Health Services Research in Correctional Settings
The National Commission on Correctional Health Care (NCCHC) in its Health Status of Soon-to-Be-Released Inmates (2002) report concluded that to reduce health risks and health care costs, we need answers for many health care policy questions. To improve on health care efficacy, expenditures, and prioritization, we need evidence on what affects health outcomes. The acquisition of scientific data on health care for incarcerated populations will help to solve some of the leadership, logistical, financial, and policy barriers that affect many correctional and law enforcement systems.
The Academy for Health Services Research and Health Policy defines health services research as “the multidisciplinary field of scientific investigation that studies how social factors, financing systems, organizational structures and processes, health technologies, and personal behaviors affect access to health care, the quality and cost of health care, and ultimately our health and well-being. Its research domains are individuals, families, organizations, institutions, communities, and populations” (Lohr & Steinwachs, 2002). This NCCHC position statement does not address human subject research.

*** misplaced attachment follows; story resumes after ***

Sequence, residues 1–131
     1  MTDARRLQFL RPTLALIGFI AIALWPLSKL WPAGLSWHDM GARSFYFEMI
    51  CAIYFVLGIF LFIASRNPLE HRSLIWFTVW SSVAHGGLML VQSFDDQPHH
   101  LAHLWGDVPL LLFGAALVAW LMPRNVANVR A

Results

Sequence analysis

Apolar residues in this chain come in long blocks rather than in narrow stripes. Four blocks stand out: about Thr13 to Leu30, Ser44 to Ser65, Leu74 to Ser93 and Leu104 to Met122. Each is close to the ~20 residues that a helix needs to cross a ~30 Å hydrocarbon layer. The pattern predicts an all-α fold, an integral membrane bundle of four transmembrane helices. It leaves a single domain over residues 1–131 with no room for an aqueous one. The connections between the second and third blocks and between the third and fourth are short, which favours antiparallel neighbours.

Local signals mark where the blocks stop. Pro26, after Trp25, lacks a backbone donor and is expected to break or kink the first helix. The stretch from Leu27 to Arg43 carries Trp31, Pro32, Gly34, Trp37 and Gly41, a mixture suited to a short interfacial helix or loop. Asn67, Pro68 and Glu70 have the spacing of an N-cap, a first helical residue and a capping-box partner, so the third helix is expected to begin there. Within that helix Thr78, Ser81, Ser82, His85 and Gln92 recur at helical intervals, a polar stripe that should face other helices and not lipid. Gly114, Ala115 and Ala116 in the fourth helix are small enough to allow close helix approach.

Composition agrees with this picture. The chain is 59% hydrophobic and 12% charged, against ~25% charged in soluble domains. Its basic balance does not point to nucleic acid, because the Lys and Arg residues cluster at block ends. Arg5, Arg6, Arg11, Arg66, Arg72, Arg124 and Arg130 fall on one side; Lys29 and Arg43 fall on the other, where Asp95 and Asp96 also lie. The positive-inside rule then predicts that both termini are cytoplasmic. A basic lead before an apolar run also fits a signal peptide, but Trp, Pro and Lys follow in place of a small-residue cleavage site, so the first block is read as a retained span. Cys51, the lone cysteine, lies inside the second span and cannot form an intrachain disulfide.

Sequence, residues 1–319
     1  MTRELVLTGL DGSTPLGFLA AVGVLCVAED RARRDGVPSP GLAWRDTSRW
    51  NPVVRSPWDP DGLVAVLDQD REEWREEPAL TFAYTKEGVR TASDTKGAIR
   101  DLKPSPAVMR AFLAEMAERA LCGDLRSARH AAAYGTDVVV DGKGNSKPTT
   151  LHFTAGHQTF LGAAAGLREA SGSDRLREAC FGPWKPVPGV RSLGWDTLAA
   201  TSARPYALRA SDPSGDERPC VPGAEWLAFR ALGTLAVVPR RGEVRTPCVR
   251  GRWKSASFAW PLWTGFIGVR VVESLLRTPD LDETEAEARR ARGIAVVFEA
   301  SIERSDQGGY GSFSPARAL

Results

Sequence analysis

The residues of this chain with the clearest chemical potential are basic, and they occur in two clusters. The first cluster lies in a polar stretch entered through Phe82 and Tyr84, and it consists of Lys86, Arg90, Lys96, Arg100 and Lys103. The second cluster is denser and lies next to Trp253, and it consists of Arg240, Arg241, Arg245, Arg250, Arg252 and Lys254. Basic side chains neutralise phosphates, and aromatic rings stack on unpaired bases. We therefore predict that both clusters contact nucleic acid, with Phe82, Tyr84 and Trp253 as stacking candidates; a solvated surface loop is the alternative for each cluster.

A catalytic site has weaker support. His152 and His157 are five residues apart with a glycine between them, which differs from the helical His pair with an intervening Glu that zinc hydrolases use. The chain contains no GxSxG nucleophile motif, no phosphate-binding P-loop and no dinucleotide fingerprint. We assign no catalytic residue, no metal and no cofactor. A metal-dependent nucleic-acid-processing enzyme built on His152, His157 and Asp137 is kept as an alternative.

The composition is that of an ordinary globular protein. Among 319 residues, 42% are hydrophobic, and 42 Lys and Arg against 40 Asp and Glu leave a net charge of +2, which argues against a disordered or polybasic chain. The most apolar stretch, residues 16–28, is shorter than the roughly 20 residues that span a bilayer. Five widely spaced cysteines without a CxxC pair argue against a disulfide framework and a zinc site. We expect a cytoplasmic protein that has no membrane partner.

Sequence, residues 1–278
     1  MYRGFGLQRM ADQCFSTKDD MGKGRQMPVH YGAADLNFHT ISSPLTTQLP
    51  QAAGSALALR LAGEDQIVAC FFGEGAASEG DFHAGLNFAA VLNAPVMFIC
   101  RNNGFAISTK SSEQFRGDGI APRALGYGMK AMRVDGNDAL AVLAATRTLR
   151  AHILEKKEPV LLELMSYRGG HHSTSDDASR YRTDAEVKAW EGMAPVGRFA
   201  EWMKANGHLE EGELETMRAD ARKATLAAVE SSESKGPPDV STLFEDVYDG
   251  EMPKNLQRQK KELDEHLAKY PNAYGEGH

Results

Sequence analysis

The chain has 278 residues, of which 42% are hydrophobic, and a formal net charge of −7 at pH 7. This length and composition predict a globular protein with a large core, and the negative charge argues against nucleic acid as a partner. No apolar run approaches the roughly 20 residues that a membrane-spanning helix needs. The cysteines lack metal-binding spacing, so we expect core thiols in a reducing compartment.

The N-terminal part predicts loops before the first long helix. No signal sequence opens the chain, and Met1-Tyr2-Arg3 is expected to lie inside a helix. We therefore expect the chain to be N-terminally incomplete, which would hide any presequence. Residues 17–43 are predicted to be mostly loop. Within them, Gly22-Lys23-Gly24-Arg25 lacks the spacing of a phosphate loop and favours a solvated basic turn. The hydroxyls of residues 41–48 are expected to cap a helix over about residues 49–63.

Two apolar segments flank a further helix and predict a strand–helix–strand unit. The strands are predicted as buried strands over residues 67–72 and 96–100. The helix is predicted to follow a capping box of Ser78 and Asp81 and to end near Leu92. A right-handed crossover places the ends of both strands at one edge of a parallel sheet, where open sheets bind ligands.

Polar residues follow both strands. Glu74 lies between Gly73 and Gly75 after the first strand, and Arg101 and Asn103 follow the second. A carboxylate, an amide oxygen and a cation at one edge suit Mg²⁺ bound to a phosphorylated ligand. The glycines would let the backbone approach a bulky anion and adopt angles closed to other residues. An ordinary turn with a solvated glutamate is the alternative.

Growing interest in the health and well-being of correctional populations and recognition of correctional health care as a component of public health has led to more research in this area in the past decade. However, a need remains for well-designed, well-funded, large-scale system or national studies on correctional health care and delivery systems. Such studies are essential to developing informed public and private policy. The large gaps in correctional health care research have hampered policy decision making in all aspects of health care organization, provision, and financing for incarcerated populations.